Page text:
Iran Oil Output Rose to Pre-Sanctions Levels in April, IEA Says

  • Daily production climbed to highest since end of November 2011
  • Exports rose more than 40% from March to 2 million barrels/day

Iranian crude production rose to levels last seen before sanctions were imposed more than four years ago, helping to drive OPEC output to the highest in almost eight years, according to the International Energy Agency.

Iran pumped 3.56 million barrels a day last month, a rate last reached in November 2011 before trade restrictions were imposed over the country’s nuclear program, the IEA said Thursday. Exports soared more than 40 percent to 2 million barrels a day -- near pre-sanctions levels -- as the nation worked to regain lost market share.

While Iraq and the United Arab Emirates also boosted output, Iran’s addition of 300,000 barrels a day was the key contributor to OPEC’s production gain to 32.76 million barrels a day, the highest since August 2008. Iran’s refusal to consider capping volumes before reaching pre-sanctions levels led arch rival Saudi Arabia to throw out a proposed oil-freeze deal in Doha last month.

Iran’s exports jumped by around 600,000 barrels from March, “with China buying big and Europe loading substantially more,” the IEA said in its monthly report. Some of the increase “may have been due to loadings that spilled over from March” and it’s unclear how much is being drawn from storage on Kharg Island, Iran’s biggest export terminal, the agency said.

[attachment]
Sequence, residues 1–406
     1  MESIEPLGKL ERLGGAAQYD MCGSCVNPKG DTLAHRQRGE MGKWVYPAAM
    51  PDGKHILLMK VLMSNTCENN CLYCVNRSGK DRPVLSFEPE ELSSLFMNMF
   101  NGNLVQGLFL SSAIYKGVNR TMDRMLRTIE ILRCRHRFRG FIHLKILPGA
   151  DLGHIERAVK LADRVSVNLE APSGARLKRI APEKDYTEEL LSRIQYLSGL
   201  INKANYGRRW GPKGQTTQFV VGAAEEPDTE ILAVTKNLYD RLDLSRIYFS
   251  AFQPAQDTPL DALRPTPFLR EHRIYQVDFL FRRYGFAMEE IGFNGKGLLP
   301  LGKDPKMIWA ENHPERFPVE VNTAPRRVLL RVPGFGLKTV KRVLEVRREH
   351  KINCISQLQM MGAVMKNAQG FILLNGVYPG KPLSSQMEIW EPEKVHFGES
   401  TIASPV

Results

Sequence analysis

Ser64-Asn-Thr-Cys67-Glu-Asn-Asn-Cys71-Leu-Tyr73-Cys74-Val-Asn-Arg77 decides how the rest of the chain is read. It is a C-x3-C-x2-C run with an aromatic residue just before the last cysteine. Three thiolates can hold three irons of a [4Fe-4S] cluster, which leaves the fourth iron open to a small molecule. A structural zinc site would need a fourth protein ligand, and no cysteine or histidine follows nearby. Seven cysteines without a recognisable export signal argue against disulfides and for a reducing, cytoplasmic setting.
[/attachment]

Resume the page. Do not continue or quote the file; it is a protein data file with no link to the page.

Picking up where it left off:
Leading Buyers

China was the biggest buyer of Iranian crude in April, lifting more than 800,000 barrels a day, a 57 percent gain from March, according to the IEA. Purchasers in Europe loaded roughly 500,000 barrels a day, more than double the previous month, with Total SA and Tupras Turkiye Petrol Rafinerileri AS leading the orders. Clients in Europe bought about 600,000 barrels a day before sanctions were tightened in mid-2012.

Iran may post further gains in output yet its potential for substantial increases may be limited by “near-term production capacity constraints,” the IEA said. The country was the Organization of Petroleum Exporting Countries’ second-biggest producer before sanctions were stepped up.

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